October 13, 2013
A number of religious truths are immediately apparent in today’s gospel. This passage tells us that we, like the ten lepers, can approach Jesus for healing. It also insists that, like the Samaritan who was healed, we should always be thankful. But there are other truths in this gospel passage that can be discovered, if we ask the right questions. Here is a question we can ask: Why did nine of the lepers who were cleansed not return to give thanks to Jesus? Were they simply dull or selfish? Why does it seem that they closed their hearts to gratitude?
If we were to ask those nine lepers this question, here is what they might say: “We were very grateful that Jesus healed us. That is why we chose to do what he asked of us. Jesus commanded us to go and show ourselves to the priests. When we were cleansed, we decided that is exactly what we should do. We did not return to thank him, because we thought it was more important to obey him.” Seen from this perspective, it is the nine lepers who follow Jesus’ command, and it is the Samaritan that sets his command aside and returns to give thanks. Jesus, of course, accepts the Samaritan’s decision. In so doing, he reveals a new meaning to this gospel: sometimes the best decision that we can make is one that is different from what God commands.
Now, of course, this truth needs to be embraced carefully. God’s commands are good and holy. The teachings of our Church are beneficial to us and should be respected. And yet, there are times when our lives do not fit into what God commands. In those times, we must choose what it is that we will do. The Catholic tradition, for example, highly respects the gift of marriage. We understand it as a sacrament and believe that the faithful love of husband and wife is a sign of God’s love for us. Yet, it is possible to find oneself in the midst of a marriage that is dead, a marriage without love and cooperation. Even though God asks us to be faithful for a lifetime and we have made a commitment to love another person as long as we live, we sometimes face the reality that that is a commitment we cannot follow. We understand in our faith that Christ asks us to live in a certain way and yet there might be people we love, our children or our friends, who choose to express their sexuality in a way that is contrary to Church teaching. We do not want to condone their decision, but neither do we want to break our relationships with them. Jesus commands us that we are to love our neighbor and forgive our enemies. We are told to turn the other cheek. And yet, there are times when our attempts to love someone only lead to manipulation and abuse, when the person that we forgive hurts us again and again. Even though Jesus commands that we love our neighbor as our self, sometimes we need to break a relationship to save our self. In circumstances such as these and in others, we may discover that our lives do not fit into what God commands us. When we find ourselves in those situations, we need to choose to save as much good as we can and then continue to live.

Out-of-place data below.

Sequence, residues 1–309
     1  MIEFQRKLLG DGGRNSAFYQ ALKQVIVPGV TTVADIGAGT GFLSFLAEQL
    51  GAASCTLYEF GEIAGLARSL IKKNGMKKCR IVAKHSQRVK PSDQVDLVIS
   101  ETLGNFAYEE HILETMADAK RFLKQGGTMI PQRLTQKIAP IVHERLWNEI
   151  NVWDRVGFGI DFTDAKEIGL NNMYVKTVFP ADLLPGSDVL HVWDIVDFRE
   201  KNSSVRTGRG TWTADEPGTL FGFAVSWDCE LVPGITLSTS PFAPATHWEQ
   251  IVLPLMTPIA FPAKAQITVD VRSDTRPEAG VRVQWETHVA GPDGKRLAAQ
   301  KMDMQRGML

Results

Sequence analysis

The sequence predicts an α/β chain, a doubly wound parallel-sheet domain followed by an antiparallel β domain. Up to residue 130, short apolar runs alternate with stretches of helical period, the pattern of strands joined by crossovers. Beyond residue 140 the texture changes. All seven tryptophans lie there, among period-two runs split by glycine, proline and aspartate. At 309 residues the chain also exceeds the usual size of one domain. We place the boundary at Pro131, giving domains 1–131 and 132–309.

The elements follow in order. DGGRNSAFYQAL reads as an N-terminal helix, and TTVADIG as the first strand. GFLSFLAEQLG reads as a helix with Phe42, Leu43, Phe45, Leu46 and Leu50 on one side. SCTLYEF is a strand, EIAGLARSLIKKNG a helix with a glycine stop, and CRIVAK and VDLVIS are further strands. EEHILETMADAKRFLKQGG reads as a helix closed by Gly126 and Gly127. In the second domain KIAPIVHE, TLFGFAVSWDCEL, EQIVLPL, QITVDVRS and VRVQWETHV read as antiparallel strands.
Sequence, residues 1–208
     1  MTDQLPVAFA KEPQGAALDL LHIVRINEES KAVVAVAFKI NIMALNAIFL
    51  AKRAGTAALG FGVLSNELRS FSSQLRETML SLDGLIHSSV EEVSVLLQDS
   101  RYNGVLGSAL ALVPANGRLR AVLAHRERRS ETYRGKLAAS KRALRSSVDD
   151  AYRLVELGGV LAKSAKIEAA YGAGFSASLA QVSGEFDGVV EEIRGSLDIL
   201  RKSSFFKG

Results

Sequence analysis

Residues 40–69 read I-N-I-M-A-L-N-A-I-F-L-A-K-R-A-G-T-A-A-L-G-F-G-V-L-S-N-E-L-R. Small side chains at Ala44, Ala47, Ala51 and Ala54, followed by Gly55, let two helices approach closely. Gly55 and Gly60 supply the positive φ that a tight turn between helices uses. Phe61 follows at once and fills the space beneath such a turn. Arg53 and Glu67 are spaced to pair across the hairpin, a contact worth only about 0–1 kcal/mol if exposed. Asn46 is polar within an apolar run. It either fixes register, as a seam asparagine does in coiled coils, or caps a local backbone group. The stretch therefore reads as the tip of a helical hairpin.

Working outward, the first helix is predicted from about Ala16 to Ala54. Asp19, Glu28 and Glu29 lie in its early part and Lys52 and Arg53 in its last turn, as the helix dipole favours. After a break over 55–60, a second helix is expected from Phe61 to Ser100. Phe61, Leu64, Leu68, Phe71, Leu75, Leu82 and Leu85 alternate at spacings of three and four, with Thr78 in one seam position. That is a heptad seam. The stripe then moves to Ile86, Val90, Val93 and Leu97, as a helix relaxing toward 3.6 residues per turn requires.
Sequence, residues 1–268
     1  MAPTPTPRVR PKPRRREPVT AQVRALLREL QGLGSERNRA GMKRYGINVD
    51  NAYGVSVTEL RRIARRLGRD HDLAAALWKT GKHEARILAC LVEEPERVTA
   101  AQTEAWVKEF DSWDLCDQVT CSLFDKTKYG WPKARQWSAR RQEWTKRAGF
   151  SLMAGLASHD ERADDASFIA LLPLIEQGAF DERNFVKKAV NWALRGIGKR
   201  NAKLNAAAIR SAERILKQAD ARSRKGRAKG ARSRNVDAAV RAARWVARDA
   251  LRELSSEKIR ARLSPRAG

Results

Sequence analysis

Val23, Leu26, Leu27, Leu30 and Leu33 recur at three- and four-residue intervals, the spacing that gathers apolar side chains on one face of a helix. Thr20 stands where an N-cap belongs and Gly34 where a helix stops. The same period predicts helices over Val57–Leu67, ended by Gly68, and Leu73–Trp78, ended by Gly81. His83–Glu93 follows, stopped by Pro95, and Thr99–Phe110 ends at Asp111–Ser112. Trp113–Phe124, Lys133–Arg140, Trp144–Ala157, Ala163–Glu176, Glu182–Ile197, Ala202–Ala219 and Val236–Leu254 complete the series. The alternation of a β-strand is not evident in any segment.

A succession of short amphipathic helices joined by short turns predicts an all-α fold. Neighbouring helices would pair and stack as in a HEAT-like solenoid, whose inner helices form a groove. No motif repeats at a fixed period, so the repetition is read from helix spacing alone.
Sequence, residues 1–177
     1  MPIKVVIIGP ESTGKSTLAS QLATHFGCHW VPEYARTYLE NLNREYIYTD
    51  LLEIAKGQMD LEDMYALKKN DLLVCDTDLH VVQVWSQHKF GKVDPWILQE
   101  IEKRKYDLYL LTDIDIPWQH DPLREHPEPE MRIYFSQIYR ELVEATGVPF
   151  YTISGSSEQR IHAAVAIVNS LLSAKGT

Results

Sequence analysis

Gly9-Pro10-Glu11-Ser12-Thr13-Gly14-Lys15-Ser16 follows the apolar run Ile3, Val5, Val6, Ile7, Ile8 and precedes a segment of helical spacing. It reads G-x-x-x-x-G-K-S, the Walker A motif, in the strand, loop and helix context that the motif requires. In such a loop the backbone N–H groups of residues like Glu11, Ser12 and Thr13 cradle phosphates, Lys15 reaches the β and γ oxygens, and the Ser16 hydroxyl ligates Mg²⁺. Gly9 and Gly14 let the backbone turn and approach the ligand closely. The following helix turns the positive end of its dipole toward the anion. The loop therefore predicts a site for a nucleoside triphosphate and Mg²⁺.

The Samaritan in today’s gospel is so filled with joy that he sets aside Jesus’ command and returns to give thanks. Jesus accepts his decision. In so doing he makes this story an assurance that he will treat us in the same way. When we find ourselves in circumstances where it is impossible to do what God asks of us, we must make the best decision we can. If we make that decision wisely and selflessly, we can trust that Jesus will understand and accept us. This story even dares to suggest that the compromised decisions that we make might in time give us reason to be thankful.